Perhaps the “Star Wars” franchise’s worst-kept secret during the second-trilogy era is that its best screen depictions have come via TV animation. Inaugurating the Disney-synergy juggernaut before director J.J. Abrams can get there, “Star Wars Rebels” continues this trend, offering a sly, stylish offshoot — introducing a new lineup of characters very much in the “Clone Wars” tradition — with scads of action, beautiful animation and fidelity to the original’s spirit. Premiering on Disney Channel with a one-hour launch subtitled “Spark of Rebellion” before settling in as a series on boy-oriented Disney XD, the Force is indeed strong with this one.
Set during the period after “Revenge of the Sith” and prior to the original “Star Wars” (a.k.a. “A New Hope”), “Rebels” essentially reboots the first movie, albeit with a new small band of rebels leading an incipient fight against Imperial forces. That begins with their introduction to Ezra (voiced by Taylor Gray), an inordinately resourceful teenage thief, taken in by Kanan (Freddie Prinze Jr.), his alien pilot Hera (Vanessa Marshall), warrior Sabine (Tiya Sircar) and the powerful Zeb (Steve Blum), a Wookiee-like creature, except he can articulate his bad attitude, which includes taking pleasure in knocking Stormtroopers’ helmeted heads together.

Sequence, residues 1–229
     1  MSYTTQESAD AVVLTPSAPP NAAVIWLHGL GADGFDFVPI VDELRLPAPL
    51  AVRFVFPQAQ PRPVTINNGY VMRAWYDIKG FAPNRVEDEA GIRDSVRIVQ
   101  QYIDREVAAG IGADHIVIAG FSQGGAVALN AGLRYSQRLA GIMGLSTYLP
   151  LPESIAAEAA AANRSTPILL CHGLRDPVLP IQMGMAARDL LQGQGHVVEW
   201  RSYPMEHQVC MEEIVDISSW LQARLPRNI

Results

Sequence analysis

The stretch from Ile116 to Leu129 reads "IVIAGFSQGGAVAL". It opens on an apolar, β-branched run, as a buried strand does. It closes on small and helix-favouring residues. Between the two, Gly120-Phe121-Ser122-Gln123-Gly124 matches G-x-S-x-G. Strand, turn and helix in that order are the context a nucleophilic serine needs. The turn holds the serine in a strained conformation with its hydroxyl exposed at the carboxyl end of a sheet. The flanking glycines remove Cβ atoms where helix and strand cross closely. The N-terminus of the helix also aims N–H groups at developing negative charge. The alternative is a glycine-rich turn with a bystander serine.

Ezra combines elements of Han Solo and Luke Skywalker, since he’s hostile to authority and risking his neck to help others, as well as young and hotheaded. The project also showcases a sensationally striking villain known as the Inquisitor, voiced with appropriate menace by Jason Isaacs.
Though not having access to many well-known “Star Wars” figures would seem to put “Rebels” at a disadvantage relative to “The Clone Wars” (also overseen by Dave Filoni, who shares exec producer credit with “X-Men” scribe Simon Kinberg and Greg Weisman), it actually proves oddly liberating — or at least, less confining than knowing the best they can do is fight Count Dooku to a draw. Part of that has to do with the way these dense half-hours are driven by action, which in the premiere includes a way-cool fight sequence in zero gravity, as well as the expected narrow escapes and — for those who haven’t read up on the show — one very clever twist.
“Rebels” also exhibits some genuine wit, such as a second-episode rumination about Yoda-speak that should put a smile on the face of anyone who can quote freely from “The Empire Strikes Back.”
Disney, naturally, has been eager to wring value out of its Lucasfilm acquisition, which along with Marvel infuses a powerful boy- and teen-oriented element into its marketing and merchandising apparatus, complementing all those princesses and faeries. In that respect, the Disney Channel-to-Disney XD baton pass represents a shrewd way of helping establish the series, given all the mileage Cartoon Network got out of “Clone Wars.”
Viewed through the lens of the Disney empire, “Star Wars Rebels” offers a reassuring reminder that there’s plenty of room to operate within George Lucas’ far, far away galaxy. And in terms of succeeding creatively, they haven’t just tried; done it, they have.